Well, it wasn't the convincing win we expected. The mostly AHL-bound players who wore the bleu-blanc-rouge and battled the largely NHL-equivalent Senators last night were easily bettered 5-2, and it wasn't as close as the score would seem to indicate. The second game of the back-to-back was supposed to be our team's chance to roll over the Sens' AHL'ers, but it didn't prove to be easy. Their kids were big and tough, and played hard to try to earn a spot, and we were fortunate to eke out a 3-1 win.
Starting with the positives, Carey Price was quietly excellent, stopping 29 out of 30 shots and cooling everything down when the play in our end was getting frazzled. Ultimately, goaltender evaluation is pretty basic, it's a numbers game. If the goaltender stops 9 out of every ten pucks, he'll not have an NHL job for long. If however he stops 9.5 pucks, or stated another way 19 out of every 20 pucks directed his way, he'll go to All-Star games, take his team to the playoffs, and have a long career. It's a wafer-thin margin, but that's the game those guys are involved in.
Carey has many qualities, such as his calm demeanor, his affable personality that makes him a favourite among his teammates, his superb puck handling outside his crease. What has lagged behind these qualities, his natural gifts and the potential every expert sees in him is his actual production while stopping pucks. He tailed off markedly at the end of the season, and dragged his save percentage down to a pedestrian .905 when all was said and done. This is clearly unacceptable for a frontline goalie of his caliber, a former high first-round pick, and a man in his tax bracket. He will need to improve markedly for him to earn an invite to Sochi, and to allow the Canadiens to reach the playoffs and have success then.
Michaël Bournival was dangerous all game, despite being asked to play on the fourth line with Ryan White and Travis Moen, two wingers who are unlikely to help him shine offensively. He made the best of it, setting up Ryan White for a golden scoring chance early in the first period. He won all four of the faceoffs he took, and took four shots on goal. For his troubles, he would have been happy to hear Michel Therrien confirm that he'll start the season as part of the Canadiens' 23 man roster. Belle job, p'tit gars.
Note that Coach Therrien lauded the young Bournival for arriving to camp in superb shape. The same can't be said about Nathan Beaulieu. Very early, I saw him get rubbed off the puck behind his net, and I wondered if he was in for a long night, this being his second game in two nights. Instead, he was one of the Canadiens who drew my attention all game, his skating silky smooth, his passes crisp. It's amazing how talented this kid is, at only 20 years old he did very well against NHL competition. Let's hope he puts it together this season in Hamilton, that he gets his head screwed on straight and capitalizes on the opportunity he's being offered.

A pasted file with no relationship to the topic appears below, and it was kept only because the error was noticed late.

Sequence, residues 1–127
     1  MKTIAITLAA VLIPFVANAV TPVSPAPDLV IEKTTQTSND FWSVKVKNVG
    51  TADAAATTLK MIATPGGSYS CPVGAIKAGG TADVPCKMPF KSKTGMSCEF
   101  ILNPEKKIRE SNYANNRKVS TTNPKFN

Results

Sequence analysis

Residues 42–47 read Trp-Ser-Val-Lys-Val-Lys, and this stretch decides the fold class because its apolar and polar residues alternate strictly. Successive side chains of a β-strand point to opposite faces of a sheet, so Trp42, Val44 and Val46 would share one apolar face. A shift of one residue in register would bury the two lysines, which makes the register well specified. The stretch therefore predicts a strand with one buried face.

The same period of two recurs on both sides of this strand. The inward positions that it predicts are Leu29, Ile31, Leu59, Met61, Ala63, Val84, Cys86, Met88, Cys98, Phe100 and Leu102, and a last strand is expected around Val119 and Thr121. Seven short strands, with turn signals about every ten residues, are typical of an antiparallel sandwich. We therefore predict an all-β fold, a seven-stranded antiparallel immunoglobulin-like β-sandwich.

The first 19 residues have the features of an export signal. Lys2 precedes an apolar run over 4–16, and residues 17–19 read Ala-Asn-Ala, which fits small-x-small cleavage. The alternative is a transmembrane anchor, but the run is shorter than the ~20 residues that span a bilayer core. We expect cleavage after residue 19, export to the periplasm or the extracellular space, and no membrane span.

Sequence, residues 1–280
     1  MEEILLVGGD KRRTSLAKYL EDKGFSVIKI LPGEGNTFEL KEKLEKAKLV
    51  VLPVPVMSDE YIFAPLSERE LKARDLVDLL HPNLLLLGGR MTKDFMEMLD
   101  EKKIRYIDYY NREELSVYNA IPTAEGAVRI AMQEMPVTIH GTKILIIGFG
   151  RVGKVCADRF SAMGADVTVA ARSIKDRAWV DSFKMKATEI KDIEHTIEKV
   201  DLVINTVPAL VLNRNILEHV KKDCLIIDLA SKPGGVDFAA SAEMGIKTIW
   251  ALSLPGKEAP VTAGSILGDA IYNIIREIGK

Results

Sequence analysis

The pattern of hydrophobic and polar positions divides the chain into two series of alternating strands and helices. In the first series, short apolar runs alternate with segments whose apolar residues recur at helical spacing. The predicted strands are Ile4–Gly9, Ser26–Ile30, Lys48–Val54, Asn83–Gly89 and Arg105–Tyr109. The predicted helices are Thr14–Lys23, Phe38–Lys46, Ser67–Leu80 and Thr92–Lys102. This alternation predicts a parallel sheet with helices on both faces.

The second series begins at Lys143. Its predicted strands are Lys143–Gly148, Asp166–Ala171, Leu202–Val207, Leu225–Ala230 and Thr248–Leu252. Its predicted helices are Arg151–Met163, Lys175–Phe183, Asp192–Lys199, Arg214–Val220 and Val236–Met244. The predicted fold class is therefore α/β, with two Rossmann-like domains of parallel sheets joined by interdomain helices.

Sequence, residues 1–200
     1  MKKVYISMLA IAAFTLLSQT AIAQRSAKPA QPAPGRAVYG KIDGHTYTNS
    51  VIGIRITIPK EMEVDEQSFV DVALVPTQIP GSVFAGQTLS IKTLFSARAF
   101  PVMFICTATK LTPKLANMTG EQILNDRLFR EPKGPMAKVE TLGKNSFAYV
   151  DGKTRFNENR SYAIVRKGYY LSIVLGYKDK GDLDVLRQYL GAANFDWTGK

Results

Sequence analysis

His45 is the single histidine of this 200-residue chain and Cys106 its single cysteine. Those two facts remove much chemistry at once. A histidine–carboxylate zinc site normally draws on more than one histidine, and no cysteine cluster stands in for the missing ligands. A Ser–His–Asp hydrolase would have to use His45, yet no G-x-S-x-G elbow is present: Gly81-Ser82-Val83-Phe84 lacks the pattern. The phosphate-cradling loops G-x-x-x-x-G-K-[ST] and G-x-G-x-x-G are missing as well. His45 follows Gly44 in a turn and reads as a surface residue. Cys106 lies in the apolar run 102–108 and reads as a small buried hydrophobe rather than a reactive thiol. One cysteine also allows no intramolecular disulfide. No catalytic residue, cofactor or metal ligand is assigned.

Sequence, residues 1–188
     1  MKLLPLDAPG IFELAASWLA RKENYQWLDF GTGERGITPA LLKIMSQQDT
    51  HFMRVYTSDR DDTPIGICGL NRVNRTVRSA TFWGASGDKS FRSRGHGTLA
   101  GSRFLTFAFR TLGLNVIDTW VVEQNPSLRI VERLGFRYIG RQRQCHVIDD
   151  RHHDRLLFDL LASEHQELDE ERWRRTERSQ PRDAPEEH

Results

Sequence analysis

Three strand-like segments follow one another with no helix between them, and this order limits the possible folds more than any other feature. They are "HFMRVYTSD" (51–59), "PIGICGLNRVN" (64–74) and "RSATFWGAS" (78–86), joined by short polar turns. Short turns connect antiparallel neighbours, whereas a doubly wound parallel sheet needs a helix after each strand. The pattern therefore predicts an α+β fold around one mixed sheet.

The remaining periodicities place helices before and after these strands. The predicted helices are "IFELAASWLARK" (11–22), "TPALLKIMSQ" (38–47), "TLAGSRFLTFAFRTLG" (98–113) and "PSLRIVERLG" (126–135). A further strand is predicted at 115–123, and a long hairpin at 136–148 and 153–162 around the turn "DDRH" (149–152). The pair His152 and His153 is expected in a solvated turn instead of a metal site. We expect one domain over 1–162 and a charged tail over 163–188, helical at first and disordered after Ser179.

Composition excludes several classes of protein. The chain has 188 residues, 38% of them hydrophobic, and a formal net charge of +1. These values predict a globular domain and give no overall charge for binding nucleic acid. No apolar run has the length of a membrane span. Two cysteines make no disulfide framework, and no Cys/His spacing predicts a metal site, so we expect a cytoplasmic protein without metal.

Some grousing was heard about Alex Galchenyuk, probably due to his giveaway early in the first that led to the Sens' first goal. We have to remember the kid is 19, he should still be in junior, he's going to have another season during which he progresses, but there will be peaks and valleys. The kid has all the tools, he needs to put in the work all season long and it will pay off.
Dave Dziurzynski, another young towering Senator prospect, got a two-minute boarding call for driving P.K. Subban head first in the corner with a crosscheck. P.K. was no worse for wear and kept control of the puck, which meant a delayed call. The ref raised his arm and played the advantage for the Canadiens, except that Mr. Dziurzynski held P.K. the entire time the delayed call lasted, illegally preventing him from making a play. Why there wasn't an additional two minutes tacked on I understand, since this is the NHL, but I'll never agree with it.
Travis Moen tried to provide the team with a physical presence, to contribute, since he and Ryan White were the only 'tough guys' dressed for this game. Luckily, the Sens didn't press that advantage, the game was played relatively cleanly. At one point, Mark Borowiecki and Travis jousted and seemed ready to go when a linesman intervened and put a stop to it with a spectacular tackle of the Senator pugilist. Later, Travis ended up squaring off with Matt Kassian, which was a mismatch before the bout, and certainly during. Our number 32 didn't cover himself in glory with this one. With the news that Michaël Bournival is sticking with the team, I have to idly wonder what Travis' future holds.
Finally, an arresting aspect of this game was the presence of Buddy Robinson on the Sens' roster. Every time Pierre Houde called his name, it was jarring, I'd be transported back to the Seventies when Larry patrolled the blue line and made sure we were all safe and everything would be all right, and vanquished dirty Bruins and filthy Flyers. I almost shed a tear.